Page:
home jobs contact us
Our Clients:
Browse by Sport
Find us on ASAP sports on Facebook ASAP sports on Twitter
ASAP Sports RSS Subscribe to RSS
Click to go to
ASAP Sports e-Brochure View our


January 20, 2020

Roger Federer

Melbourne, Victoria, Australia

R. FEDERER/S. Johnson

6-3, 6-2, 6-2

THE MODERATOR: Questions, please.

Q. You've never lost first round at a major since before you won your first major. Why?
ROGER FEDERER: I guess there is a few reasons that -- you know, some were close, let's be honest. There are a few that pop up in my mind right away.

I think also I became a better player. 32 seeds helped, you know, to keep more of those better-ranked players away, as when I came up on tour there was only 16 seeds and all that.

Yeah, then I guess I created a game which allowed me to manage maybe all kinds of opponents, you know, that were ranked outside of the top 30 in a first round like that even if there is rust or there is nerves and so forth.

Look, I'm happy that I was able to manage those first rounds. As we know, they can always be very tricky. That's why Masters 1000 are tough sometimes. You can play a top-20 player in the first round and that's when it gets tough.

Q. You have played here stacks of times, many times. Someone like Jannik Sinner has not played many. Wonder what you've made of his progression and what you've seen of him so far.
ROGER FEDERER: Well, it's not like I know him for that long either where I can tell you he was there and now he's here. I played with him in Rome a little bit last year and then when I got the Laureus awards in Monaco, I remember I practiced the next day there and I hit with him I remember, I think.

What I like about him is that he's almost got the same speed of off-shot on forehand, backhand, similar to Felix and some other guys.

Back in the day, you know, you had one -- like Steve Johnson today, you go to the backhand, you know it's going to come slower and you go to the forehand and you know it's going to come back faster.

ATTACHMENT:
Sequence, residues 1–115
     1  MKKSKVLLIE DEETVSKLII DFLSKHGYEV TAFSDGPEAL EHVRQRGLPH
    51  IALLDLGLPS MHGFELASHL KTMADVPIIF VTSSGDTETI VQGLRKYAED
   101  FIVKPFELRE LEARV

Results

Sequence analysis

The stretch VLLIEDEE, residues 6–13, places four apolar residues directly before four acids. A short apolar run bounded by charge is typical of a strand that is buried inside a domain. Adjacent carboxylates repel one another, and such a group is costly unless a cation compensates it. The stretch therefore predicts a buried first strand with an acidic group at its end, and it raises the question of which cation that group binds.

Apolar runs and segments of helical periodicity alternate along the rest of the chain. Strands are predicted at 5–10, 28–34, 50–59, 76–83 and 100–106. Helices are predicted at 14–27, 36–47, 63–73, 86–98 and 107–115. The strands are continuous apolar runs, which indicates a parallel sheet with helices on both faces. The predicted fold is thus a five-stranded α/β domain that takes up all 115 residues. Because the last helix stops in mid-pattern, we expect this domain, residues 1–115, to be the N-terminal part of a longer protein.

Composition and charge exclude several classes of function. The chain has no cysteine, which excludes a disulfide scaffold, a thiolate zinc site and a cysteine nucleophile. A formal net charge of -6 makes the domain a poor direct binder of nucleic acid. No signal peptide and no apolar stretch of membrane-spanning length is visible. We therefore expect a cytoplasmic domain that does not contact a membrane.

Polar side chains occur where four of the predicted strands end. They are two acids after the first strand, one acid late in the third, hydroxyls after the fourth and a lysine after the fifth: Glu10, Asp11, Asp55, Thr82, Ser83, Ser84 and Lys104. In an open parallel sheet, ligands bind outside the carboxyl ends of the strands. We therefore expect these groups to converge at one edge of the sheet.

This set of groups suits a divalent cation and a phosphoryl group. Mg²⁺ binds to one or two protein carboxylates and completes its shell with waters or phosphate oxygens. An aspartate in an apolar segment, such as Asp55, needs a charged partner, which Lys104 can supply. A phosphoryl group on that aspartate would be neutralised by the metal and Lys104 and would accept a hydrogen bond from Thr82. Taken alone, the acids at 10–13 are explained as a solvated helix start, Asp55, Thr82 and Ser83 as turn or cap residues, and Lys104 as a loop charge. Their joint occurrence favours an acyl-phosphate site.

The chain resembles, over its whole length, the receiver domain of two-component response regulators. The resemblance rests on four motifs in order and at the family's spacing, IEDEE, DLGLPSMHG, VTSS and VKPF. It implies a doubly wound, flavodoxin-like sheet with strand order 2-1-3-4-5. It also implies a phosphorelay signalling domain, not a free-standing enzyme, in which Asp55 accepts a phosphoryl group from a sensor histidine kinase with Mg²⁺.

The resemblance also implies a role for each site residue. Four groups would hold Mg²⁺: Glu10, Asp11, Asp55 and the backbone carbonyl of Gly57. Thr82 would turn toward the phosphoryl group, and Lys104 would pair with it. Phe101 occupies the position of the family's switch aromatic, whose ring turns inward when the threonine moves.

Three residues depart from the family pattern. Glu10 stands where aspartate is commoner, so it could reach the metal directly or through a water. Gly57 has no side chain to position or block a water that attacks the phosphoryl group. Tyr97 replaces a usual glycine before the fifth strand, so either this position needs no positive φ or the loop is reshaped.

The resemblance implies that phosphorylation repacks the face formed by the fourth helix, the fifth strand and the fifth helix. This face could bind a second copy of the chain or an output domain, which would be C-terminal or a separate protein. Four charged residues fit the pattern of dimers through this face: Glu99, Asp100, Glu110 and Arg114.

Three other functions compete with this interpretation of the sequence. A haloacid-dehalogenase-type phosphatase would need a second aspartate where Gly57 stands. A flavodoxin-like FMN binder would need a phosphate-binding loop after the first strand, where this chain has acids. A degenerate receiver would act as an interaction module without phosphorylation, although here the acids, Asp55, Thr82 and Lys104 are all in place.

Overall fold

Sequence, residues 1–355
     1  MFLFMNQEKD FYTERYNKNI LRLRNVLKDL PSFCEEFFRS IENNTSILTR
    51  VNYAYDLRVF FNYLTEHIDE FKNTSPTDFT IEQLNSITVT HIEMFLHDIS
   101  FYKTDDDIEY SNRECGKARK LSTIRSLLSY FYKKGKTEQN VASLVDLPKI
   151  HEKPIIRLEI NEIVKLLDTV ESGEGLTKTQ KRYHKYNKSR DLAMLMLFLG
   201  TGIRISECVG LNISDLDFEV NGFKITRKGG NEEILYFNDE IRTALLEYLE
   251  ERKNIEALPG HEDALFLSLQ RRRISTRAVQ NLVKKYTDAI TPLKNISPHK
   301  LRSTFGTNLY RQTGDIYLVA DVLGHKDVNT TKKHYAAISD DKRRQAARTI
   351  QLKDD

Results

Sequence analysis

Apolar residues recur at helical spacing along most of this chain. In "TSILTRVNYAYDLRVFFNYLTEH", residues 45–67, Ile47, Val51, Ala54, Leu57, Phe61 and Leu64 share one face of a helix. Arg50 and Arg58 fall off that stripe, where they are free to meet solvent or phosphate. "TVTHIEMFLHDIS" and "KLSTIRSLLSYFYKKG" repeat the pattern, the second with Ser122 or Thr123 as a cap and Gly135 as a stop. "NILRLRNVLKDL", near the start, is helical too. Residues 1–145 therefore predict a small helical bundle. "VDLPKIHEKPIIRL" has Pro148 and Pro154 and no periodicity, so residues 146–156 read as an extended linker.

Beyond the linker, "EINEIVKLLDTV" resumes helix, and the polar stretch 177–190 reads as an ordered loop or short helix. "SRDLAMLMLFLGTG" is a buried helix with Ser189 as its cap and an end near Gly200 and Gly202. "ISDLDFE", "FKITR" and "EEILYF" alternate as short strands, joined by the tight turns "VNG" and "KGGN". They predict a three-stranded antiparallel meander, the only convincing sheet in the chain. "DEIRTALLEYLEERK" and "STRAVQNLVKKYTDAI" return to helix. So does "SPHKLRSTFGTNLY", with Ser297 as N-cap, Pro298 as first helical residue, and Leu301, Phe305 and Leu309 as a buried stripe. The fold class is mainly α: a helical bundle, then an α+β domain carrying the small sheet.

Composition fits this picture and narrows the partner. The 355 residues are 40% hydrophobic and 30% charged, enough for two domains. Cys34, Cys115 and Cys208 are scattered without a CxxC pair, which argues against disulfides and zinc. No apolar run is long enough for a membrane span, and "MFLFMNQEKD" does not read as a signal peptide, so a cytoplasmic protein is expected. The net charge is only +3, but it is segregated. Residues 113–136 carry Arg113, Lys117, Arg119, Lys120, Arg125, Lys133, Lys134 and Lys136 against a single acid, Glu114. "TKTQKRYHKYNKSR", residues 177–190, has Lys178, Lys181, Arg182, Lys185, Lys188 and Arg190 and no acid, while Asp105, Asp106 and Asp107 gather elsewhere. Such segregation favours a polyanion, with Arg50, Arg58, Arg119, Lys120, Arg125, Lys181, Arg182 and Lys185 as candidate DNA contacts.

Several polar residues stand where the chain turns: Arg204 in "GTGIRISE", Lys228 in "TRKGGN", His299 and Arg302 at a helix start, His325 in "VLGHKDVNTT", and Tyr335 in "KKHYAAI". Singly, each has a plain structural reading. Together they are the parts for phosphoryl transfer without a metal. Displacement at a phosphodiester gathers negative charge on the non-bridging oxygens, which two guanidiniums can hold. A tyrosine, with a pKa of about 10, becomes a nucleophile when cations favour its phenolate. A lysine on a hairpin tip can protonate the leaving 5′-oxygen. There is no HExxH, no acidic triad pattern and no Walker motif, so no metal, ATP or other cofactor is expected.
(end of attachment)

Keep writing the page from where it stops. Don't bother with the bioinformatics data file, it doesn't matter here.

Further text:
With Yannick I don't feel there is such a thing, which obviously he needs to manage when to pull the trigger and how big you can go. Because it's not quite realistic to just keep on whacking the ball full speed. He has great footwork for a big guy, because we forget how tall he is, as well.

And then he can play, again, like most of the best movers in the game right now, he can also play open stance and closed stance, which I think is a huge advantage for movement for the future.

So I think we'll see so much more from him. He's an exciting guy and super sweet kid, which I always love to see.

Q. About lower expectations coming into the tournament, can you talk about why that was? In your experience, especially Grand Slams, how that can change at an event, maybe you start lower and it builds up?
ROGER FEDERER: Yeah, look, I just haven't played proper matches in many, many weeks, and a lot of guys, probably 95% of the guys are coming here with matches. So I'm not one of those guys. Now I have one. Best of five, too, which is even better.

So I think for me really the first three rounds are key to get going, to get used to the pressure, stay calm, when to save breakpoint or 30-All points or whatever it may be or just to stay calm if you're down a set and a break or whatever it might be.

This is sort of the unknown that can be a little bit scary at times. But today there was none of that because I broke early each set and was able to get on a roll, play freely after that. And also felt I had margin. You know, anything I was doing I felt like I had the game under control.

That might not be the case in the next round, so I just think I have to be careful. Round-by-round, point-for-point mentality.